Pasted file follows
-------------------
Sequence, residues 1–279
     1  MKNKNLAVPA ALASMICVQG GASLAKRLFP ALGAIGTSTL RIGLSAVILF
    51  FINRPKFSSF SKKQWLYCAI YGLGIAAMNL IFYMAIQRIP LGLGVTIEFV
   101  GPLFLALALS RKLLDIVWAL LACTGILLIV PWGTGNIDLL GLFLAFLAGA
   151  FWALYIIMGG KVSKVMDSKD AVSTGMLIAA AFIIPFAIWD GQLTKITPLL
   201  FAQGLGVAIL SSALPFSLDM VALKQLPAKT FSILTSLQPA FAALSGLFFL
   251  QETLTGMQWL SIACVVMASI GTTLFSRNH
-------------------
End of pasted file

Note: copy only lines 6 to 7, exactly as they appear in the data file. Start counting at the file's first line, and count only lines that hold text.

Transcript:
   201  FAQGLGVAIL SSALPFSLDM VALKQLPAKT FSILTSLQPA FAALSGLFFL
   251  QETLTGMQWL SIACVVMASI GTTLFSRNH